Although it will be one of the most challenging cannibalization forms to handle, it can be crucial. How many other individuals have linked back to your content is a feature that SEO takes into account when ranking search results. If you conduct a search on your website, you can discover that one of the factors that contribute to less significant content continuing to rank higher than your more recent, relevant content is the building of links from other websites.
You can use software to track backlinks if you have the resources and the time to do so, especially if the websites with which the connections are associated are very powerful ones. After that, you can get in touch with the webmasters to ask them to modify or remove the links. In the ideal scenario, they will swap the outdated links you don't want for the fresh ones you want to favour, which will really improve your SEO ranking.
Make Comprehensive Pages
Content teams may decide to divide some topics into multiple posts because they appear too complicated to be covered in a single blog post.
For instance, "how to make money blogging" is a difficult topic, hence you frequently see several entries addressing various aspects of the issue.
A fast Google search for "how to make money blogging" yields three different outcomes. One discusses blogging for novices, the second discusses monetizing your site in 2021, and the third discusses the challenges of timing blog monetization.
Imagine that these were all from your site rather than from three different sites.
This leads to a lot of unneeded competition because the majority of these deal with concepts that are similar. Additionally, keyword cannibalization occurs because the majority of them rank for comparable search terms.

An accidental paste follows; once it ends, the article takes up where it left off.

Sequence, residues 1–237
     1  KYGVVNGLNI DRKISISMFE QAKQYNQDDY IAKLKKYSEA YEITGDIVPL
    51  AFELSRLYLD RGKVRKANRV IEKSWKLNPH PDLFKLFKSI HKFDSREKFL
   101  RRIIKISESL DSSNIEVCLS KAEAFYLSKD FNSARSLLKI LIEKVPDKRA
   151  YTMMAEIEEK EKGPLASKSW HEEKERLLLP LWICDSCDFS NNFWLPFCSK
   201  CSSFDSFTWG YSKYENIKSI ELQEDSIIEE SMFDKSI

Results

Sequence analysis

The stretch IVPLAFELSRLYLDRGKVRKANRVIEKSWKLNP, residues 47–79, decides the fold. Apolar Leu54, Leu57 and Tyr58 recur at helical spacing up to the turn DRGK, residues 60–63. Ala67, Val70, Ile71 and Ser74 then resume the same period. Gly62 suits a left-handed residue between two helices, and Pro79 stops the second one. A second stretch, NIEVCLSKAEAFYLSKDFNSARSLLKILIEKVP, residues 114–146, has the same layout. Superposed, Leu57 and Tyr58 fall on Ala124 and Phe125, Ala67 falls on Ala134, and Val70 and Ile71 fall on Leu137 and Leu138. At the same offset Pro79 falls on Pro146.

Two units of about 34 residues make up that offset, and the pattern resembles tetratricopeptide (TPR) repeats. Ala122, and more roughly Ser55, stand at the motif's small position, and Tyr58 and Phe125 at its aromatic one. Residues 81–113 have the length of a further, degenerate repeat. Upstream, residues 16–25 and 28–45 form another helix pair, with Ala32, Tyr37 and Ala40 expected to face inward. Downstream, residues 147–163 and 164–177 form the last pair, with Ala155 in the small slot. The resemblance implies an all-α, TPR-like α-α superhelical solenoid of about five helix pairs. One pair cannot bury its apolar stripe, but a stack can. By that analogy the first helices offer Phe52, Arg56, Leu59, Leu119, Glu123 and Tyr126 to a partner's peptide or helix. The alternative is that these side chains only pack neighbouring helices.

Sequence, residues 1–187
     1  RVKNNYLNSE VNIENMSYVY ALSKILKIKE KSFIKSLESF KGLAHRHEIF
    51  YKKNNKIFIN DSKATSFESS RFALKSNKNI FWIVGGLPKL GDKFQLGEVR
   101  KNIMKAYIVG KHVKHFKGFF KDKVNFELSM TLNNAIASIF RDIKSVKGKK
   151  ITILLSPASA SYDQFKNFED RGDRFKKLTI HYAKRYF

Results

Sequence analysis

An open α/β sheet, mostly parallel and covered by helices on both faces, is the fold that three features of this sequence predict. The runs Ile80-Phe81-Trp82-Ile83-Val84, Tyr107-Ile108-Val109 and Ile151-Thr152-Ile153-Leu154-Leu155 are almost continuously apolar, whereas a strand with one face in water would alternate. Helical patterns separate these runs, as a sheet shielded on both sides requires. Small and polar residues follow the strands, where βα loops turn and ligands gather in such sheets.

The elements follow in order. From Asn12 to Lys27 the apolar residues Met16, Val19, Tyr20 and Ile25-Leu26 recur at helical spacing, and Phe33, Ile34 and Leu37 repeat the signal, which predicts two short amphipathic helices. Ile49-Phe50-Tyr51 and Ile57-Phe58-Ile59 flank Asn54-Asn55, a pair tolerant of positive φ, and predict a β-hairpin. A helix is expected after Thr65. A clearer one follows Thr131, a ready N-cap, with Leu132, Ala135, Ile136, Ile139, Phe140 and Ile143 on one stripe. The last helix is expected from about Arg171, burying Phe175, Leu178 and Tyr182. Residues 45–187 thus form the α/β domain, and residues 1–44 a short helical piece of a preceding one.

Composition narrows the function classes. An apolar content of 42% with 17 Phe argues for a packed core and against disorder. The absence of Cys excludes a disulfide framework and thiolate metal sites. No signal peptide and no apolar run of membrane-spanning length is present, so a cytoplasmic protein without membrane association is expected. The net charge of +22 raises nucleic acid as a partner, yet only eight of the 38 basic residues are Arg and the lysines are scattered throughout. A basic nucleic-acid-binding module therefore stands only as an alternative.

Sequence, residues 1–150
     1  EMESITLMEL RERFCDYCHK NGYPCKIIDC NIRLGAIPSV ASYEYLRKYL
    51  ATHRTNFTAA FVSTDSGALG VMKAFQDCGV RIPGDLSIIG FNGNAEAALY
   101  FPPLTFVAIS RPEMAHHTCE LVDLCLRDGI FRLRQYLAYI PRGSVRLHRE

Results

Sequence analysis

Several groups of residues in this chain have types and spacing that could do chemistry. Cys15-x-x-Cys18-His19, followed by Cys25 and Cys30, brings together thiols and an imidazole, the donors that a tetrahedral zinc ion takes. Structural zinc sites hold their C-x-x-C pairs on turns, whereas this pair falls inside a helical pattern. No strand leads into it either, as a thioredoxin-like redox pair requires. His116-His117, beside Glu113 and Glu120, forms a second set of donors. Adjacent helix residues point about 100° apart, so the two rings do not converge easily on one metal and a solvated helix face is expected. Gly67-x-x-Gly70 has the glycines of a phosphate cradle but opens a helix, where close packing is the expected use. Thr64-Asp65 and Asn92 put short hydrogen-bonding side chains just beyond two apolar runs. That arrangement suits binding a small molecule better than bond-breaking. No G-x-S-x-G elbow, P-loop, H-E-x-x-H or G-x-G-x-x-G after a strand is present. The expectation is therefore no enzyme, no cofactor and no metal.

Instead of publishing a unique blog post for each query, the audience might have, you can prevent this by developing a single comprehensive page that covers all the pertinent subtopics.
As you can target long-tail keywords, include pertinent headers, include several search queries on a single page, and avoid competing with yourself, this is better for SEO.
Consider including a clickable table of contents so readers can quickly find the portions they need because this could make for a very long blog post.
When it comes to determining search rankings, modern search algorithms are significantly more intelligent and discriminating.
The key to ranking well on search engines is always going to be having quality material, and avoiding keyword cannibalization can help you better highlight and draw attention to your intended content.
A few years ago, individuals thought that filling their content with keywords and utilizing the same keyword on multiple pages would help it rank higher. This is no longer accurate, though.
You are now forced to compete with yourself and reduce your success because several pages are ranking for the same keywords and search queries.
Instead, it is much preferable to concentrate on focused keywords for certain content, give subjects precedence over keyword stuffing, and develop thorough landing pages rather than brief blog entries.
This may help you rank higher in search engine results, which will eventually help you reach a wider audience organically.
It is extremely simple to correct keyword cannibalizing, even if you have already encountered it. Reconsider your SEO alternatives, remove articles that raise competition but don't advance your marketing objectives, and concentrate on combining competing material whenever it is possible.